"I have had enough."
Translation:Ne ho avuto abbastanza.
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In italian you cannot just say "I have had enough" as the object has ben cut of and left implicit. The object, what ever it is, has to be included in the sentence, - something like:
"I have had enough food / wine / love / of you/."
Ho avuto abbastanza cibo / vino / amore / di te
But in this case we do not know what the object is. (We can imagine it was specified in an imaginary previous sentence like 'Do you need more food' or 'How do you like the neighbours'.)
So we need to replace the object (e.g. the food / the neighbours) with a pronoun like 'of it' or 'of them'. This is where the handy little italian word 'ne' comes in. 'Ne' can have several meanings, including of it / of them.
Ne ho avuto abbastanza.
If you want to you can learn more about 'ne' on Collins dictionary
I don't know why you all downvoted Emanuele. We're not looking at a grammatical question here, but simply word choice and nuances of meaning. Synonyms are never exactly the same, collocations exist in any language, and you can't just "explain" collocations. If you can't accept this, just don't bother. Also, nuances of meaning: "I've had enough" often expresses anger, you can't just replace this with "sufficiente", which has much more positive connotations.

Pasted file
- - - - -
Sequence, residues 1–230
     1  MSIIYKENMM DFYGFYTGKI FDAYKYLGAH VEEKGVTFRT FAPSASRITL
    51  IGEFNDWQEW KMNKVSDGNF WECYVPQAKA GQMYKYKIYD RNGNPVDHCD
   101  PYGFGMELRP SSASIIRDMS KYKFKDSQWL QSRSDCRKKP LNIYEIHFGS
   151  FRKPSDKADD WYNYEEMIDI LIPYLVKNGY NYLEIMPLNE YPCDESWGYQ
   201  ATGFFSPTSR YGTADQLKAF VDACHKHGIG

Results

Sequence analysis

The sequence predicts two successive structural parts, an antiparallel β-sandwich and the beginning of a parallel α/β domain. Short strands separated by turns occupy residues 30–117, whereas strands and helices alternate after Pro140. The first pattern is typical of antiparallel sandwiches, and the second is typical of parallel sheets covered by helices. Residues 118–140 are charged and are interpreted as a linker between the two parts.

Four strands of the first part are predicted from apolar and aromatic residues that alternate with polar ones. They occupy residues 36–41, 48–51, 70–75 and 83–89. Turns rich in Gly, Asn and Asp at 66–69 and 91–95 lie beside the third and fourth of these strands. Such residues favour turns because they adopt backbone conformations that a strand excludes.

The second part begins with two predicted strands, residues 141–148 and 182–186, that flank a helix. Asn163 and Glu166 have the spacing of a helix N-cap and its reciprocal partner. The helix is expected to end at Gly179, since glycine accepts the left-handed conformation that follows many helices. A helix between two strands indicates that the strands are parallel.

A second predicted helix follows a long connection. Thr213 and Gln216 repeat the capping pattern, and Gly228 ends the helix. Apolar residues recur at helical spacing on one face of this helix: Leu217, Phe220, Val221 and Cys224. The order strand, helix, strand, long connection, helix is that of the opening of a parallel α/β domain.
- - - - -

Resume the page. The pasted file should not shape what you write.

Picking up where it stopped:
The hovers are nowhere near correct. Why would I pay for this? Are they more accurate with a paid subscription? If so, then the free version is misleading. Honestly, the hovers should reflect whatever level and topic I'm in; to do otherwise doesn't help my learning or my inclination to pay for Duolingo.